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Lifestyle

May 23, 2013

GOODBYE HANGOVERS

Director and stars say this is the last

Throughout humankind’s long experience with debauchery, indulgence and self-destruction, there has never been a problem with hangover withdrawal. “Hangover” withdrawal? That may be another issue.

But we simply have to face it: With tonight’s opening of “The Hangover Part III,” the comedy series about (almost) ordinary guys in remarkably screwed-up situations, ends a lucrative run that began in 2009 in Las Vegas, continued in 2011 in Bangkok and now takes a swing into Tijuana before landing back in Vegas. It’s the end of the road trip. There will be no Part IV. No prequels, no sequels. No “Hangover” Christmas Special.

“Although that’s a great idea,” said writer-director Todd Phillips. “I like that.”

“It is, in fact, over,” said actor Bradley Cooper. “And I think it’s kind of really wonderful to go out on a high note. But this is the end. Todd dedicated six years of his life to this, and the fact that he was able to create three movies in that time period, we’re all very lucky for that. But he’s got to move on and do other stuff.”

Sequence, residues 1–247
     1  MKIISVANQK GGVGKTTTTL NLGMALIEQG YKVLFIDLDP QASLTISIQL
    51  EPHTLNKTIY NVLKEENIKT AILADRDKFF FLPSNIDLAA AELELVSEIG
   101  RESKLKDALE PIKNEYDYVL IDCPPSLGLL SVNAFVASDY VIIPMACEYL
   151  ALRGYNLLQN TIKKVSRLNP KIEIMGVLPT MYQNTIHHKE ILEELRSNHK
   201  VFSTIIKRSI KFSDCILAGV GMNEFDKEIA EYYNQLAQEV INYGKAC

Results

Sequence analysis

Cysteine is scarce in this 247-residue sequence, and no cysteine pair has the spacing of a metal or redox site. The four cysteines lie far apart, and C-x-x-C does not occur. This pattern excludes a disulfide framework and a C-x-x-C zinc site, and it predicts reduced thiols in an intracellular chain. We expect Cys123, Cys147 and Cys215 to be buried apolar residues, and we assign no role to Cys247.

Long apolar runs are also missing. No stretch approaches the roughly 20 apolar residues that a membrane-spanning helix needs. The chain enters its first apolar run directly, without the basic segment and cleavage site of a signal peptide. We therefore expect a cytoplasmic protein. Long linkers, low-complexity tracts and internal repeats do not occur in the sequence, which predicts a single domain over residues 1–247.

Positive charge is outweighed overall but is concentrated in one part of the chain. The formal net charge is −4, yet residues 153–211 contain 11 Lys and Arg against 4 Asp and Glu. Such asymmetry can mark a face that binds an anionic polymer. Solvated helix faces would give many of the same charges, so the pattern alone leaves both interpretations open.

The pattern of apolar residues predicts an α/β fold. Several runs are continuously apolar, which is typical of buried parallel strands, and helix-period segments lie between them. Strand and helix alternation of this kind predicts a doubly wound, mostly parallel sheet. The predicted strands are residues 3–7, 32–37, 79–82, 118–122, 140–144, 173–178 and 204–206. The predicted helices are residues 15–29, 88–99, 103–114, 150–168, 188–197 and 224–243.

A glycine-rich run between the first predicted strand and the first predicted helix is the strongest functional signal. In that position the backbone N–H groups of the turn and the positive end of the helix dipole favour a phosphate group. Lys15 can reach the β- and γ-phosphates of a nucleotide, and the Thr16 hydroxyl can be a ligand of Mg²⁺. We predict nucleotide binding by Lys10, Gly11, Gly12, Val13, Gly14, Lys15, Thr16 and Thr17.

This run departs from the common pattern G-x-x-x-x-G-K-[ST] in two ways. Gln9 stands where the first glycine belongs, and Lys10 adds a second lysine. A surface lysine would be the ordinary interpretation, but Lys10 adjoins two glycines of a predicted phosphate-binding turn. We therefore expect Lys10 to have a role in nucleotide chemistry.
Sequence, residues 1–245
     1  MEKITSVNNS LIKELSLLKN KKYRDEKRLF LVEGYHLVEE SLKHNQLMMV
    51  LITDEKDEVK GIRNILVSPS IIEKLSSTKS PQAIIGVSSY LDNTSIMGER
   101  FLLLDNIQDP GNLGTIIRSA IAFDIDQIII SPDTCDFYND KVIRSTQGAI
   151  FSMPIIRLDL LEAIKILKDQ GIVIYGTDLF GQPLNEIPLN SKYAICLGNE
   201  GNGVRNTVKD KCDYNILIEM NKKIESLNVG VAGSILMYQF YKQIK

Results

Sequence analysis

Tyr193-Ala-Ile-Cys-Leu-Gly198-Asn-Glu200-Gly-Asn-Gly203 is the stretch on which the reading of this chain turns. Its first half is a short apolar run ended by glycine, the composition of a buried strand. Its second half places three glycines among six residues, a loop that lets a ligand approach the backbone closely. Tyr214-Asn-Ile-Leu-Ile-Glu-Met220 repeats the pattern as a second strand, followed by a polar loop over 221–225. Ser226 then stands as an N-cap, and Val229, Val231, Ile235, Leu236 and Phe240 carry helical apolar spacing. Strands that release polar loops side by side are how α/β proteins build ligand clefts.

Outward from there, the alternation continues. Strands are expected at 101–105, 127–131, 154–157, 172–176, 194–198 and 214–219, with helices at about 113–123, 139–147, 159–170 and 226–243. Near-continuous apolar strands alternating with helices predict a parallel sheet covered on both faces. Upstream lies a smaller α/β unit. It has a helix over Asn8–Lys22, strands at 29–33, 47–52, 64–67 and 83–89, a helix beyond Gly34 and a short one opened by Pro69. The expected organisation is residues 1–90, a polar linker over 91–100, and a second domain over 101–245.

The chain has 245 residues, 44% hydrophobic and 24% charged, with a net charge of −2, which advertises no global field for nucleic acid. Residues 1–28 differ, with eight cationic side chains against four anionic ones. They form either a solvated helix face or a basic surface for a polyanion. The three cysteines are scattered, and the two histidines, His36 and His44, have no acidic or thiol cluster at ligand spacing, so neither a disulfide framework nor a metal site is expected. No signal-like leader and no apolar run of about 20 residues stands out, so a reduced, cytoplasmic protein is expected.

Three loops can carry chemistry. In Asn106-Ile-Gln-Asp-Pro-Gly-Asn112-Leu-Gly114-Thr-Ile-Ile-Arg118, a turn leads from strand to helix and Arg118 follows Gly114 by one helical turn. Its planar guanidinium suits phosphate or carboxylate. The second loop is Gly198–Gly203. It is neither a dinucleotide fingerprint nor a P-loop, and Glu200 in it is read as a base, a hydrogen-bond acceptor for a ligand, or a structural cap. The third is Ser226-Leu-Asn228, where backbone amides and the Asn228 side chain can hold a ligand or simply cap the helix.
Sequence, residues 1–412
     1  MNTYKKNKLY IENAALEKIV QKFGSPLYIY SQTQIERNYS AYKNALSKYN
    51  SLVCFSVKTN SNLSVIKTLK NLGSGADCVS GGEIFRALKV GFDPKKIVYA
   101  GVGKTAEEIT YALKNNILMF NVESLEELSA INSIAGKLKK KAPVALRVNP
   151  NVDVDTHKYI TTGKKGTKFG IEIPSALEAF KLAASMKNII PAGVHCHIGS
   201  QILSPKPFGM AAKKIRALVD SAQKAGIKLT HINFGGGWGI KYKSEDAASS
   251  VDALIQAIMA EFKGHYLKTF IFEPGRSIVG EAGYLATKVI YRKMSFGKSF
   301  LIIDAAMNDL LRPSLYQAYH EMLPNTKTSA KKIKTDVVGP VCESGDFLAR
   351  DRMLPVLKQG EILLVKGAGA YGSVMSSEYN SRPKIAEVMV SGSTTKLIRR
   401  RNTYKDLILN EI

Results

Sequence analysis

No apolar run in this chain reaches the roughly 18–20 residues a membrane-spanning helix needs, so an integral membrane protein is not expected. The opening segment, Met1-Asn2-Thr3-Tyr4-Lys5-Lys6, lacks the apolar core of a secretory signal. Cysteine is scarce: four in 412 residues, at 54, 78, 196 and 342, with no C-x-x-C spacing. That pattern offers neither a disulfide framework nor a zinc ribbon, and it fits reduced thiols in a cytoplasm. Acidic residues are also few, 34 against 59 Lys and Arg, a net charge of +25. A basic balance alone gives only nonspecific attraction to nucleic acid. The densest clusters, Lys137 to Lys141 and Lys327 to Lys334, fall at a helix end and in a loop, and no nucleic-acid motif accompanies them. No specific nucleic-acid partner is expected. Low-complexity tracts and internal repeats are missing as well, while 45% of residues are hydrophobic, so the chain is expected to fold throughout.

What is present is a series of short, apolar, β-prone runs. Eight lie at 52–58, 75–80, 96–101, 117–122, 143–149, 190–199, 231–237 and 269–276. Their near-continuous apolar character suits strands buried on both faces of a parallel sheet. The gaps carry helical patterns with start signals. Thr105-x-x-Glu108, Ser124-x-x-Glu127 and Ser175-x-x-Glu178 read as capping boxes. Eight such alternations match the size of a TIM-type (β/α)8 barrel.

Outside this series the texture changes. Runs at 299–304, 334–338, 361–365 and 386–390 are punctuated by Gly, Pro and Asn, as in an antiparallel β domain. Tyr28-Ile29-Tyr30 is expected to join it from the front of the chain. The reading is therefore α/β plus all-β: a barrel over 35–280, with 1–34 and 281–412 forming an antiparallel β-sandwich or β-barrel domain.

As do they all. The Oscar-nominated Cooper, who has played high school teacher Phil Wenneck for all three “Hangover” films, will be appearing soon alongside his “Silver Linings Playbook” co-star Jennifer Lawrence in “Serena.” Zach Galifianakis — “The Hangover’s” bizarre child-man Alan Garner — has the comedy “You Are Here” coming up; Justin Bartha, who plays Doug Billings, stars as punk rocker Stiv Bators in the upcoming “CBGB” movie, and Ed Helms — who plays Stu, the nervous Dockers-wearing nerd with the face tattoo (erased for “Part III”) — has, among other things, the pot comedy “We’re the Millers” with Jennifer Aniston.

First, they have to survive Tijuana, and John Goodman. Having staged an intervention to get the insufferable Alan the help he so desperately needs, Phil, Stu and Doug are en route with their friend to a treatment facility when they’re ambushed by the thuggish Marshall (Goodman), who takes Doug hostage until the boys can deliver Mr. Chow — the felonious, drug-dealing gay gangster played by the outrageous Ken Jeong. Bartha promptly disappears for most of the movie (“He’s the unsung hero for sure,” Cooper joked), while the others attempt a gold robbery in Mexico, chase Chow around Tijuana and rappel down the face of Caesar’s Palace.

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